The Norwegian election

When I began blogging in 2001, the world of political blogs was so small that we all lived together in the same, global blogosphere. Since then we’ve shifted towards national blog communities. There may be hundreds of Norwegians today who blog about politics, and they refer mostly to each other, not to Swedish, German or American bloggers. Blogging has turned inwards. That’s a shame.

I just realized I’ve been covering the Norwegian election for four months without a single word in English. So here’s a quick summary of the upcoming September 14 election, for any foreign readers I still have left:

This election has been about minor nuances within the Nordic model of a capitalist welfare state. Norwegians believe they choose between “socialists”, “social democrats”, “conservatives”, “liberals” and “libertarians”, but none of the relevant parties stray far from the status quo. There’s a good reason for that – Norwegians have it good – but the insularity sometimes reaches absurd levels, such as when Norwegians identify with Barack Obama, whose politics are far to the right of anything that is acceptable in Norway.

My own vote goes to the Progress Party, because it’s somewhat more pro-market, and because it’s less burdened by the centrist consensus. They’re reviled in Norway, despite getting a quarter of the vote, and the international press sometimes compare them to right-wing extremists. Don’t believe it. They just want to limit immigration a bit. They’re not Thatcherites either. But they could trigger genuine political change in the long run.

6 Responses to The Norwegian election

  1. risingsun says:

    I can partly agree with two of your statements: that there are minor nuances in the Norwegian election and that “right wing” parties could trigger genuine political change in the long run.

    Minor nuances: yes, in an international perspective. But in a society where the state is as heavily represented as in Norway, minor nuances can make a big difference, thus, small differences can trigger change in the long run. The ideological differences that you dismiss are still there.

    To take the Progress party, they define themselves as a “liberal people’s party…” whose main purpose is to “sharply reduce taxes, fees and public intervention.’ Concurrently, for instance in their health care and educational policies, they promise to create a market of private and public institutions, where every person entitled to care or education gets a pot of money and can “shop” from the different offerings. They will take the money needed from the petroleum income, since tax income will be less. While this sounds like a good idea, it is a scheme bound for disaster if we still want to keep the Nordic, social democratic welfare state.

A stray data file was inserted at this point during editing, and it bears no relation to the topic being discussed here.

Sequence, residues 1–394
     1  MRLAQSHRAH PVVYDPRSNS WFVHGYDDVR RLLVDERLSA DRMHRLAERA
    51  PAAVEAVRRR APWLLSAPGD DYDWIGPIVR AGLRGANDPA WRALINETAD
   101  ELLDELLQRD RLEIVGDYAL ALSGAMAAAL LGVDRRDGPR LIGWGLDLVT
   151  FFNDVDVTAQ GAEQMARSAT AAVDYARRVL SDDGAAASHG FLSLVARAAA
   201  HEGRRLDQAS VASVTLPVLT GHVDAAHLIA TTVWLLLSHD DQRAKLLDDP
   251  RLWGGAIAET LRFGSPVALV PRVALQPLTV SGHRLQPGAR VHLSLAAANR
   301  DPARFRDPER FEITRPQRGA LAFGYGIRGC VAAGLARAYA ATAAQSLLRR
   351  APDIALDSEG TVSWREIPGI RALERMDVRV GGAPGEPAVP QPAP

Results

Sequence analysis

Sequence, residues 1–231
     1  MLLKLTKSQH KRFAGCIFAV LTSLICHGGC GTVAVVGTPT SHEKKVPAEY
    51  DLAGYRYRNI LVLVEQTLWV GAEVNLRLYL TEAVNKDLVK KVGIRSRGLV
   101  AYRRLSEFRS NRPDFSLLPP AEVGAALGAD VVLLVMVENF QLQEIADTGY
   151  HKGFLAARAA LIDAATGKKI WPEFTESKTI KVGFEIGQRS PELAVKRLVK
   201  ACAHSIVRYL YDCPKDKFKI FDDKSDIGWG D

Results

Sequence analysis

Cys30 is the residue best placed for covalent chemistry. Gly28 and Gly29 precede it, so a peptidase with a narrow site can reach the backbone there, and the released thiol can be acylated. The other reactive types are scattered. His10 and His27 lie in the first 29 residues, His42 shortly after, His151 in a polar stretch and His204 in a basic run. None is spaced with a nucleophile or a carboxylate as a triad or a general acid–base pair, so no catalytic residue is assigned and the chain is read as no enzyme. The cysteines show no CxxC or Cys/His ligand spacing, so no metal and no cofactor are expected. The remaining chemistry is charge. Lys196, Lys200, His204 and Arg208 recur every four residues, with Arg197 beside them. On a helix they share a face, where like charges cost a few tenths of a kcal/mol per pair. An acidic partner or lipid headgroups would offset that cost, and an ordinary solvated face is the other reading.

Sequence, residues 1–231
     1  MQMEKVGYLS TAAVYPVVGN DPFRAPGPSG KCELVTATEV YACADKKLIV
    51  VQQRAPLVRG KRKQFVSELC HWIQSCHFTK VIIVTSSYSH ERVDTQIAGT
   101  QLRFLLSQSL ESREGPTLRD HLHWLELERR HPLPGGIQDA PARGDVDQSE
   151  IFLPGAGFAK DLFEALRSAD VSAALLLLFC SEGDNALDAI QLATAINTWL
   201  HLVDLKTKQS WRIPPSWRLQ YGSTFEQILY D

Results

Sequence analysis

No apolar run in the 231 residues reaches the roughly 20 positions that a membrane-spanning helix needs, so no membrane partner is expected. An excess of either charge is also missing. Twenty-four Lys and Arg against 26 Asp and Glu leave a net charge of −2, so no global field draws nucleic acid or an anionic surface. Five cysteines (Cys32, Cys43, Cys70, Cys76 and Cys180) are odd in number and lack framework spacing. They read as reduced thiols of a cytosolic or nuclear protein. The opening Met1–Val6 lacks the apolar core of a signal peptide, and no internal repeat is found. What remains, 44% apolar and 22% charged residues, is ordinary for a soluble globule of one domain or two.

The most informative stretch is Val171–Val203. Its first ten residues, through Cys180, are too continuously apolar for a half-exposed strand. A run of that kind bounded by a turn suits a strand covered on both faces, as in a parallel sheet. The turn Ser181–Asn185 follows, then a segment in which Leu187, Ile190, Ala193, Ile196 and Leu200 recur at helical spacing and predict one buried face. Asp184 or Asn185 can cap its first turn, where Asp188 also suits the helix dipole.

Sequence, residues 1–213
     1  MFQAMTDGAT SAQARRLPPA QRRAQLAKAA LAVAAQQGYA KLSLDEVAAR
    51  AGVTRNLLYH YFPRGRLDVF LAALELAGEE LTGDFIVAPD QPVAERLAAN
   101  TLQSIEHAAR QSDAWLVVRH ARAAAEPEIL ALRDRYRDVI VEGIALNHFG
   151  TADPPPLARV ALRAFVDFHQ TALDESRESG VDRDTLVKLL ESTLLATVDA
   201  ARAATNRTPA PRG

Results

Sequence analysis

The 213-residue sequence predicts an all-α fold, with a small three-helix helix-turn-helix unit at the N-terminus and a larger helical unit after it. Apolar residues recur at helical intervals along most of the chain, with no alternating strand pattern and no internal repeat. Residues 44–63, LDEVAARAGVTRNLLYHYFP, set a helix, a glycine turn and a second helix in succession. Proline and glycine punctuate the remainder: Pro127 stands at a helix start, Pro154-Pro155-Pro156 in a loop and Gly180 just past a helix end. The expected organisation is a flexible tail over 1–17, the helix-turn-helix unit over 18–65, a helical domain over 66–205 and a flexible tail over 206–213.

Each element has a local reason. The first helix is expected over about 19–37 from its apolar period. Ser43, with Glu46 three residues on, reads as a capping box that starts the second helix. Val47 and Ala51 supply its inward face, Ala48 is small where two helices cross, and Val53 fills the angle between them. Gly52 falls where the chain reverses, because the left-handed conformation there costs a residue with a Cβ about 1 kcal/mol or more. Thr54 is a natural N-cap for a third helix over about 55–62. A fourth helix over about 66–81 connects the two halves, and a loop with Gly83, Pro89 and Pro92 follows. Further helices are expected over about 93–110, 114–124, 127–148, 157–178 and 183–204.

Private schools will inevitably become a school for elites. The market will make sure of this, despite all the good intentions of a money pot (this cannot be realised if we want to keep inflation down). The same goes for other institutions, like hospitals. State financing of private institutions will force public institutions to generalise, and leave specialisation to expensive private clinics.

    We will end up with some elite schools and other institutions in the private sector that only caters to those who can pay, and whoa!, we have a society principled on liberty that in fact will deprive whole classes of equal opportunity to education and health services, two of the most important features of social democracy.

    Except for taking things in the wrong direction (for those who believe social democracy is the source to a good life for most people), going down the path to a minimalist welfare state can be costly. This is especially so if we some time in the future figure out that we want the social democratic state back. Social democracy is maybe expensive to maintain, but even more expensive to build.

    While a conservative coalition may do limited harm in a four year term, it will have real ideological consequences and costs that cannot be dismissed.
    In the most extreme case, we will move away from social democracy towards neoliberalism.

    The Norwegian debate thus stretches beyond the Nordic model, it’s just well camouflaged.

  2. Bjørn Stærk says:

    I don’t think it’s wrong for someone to be able to use their own money for a welfare good that is better than what the state can deliver. So if somebody who has a lot of money wants to send their kids to an expensive private school, they should be free to do that.

    But what this debate is really about is whether everybody else should be able to utilize private solutions as well. For instance, is it okay for the state to pay a private clinic for my operation, or should those of us who can’t afford to pay for such things ourselves be limited strictly to health services that are publicly owned and staffed?

    You seem to think that the moment private companies get involved, we lose all control of costs and quality. But it’s not like that in any competitive business today. Wherever there is competition, wherever there is genuine choice, my power as a customer keeps suppliers in line, and motivates them to deliver something that I’m willing to pay for.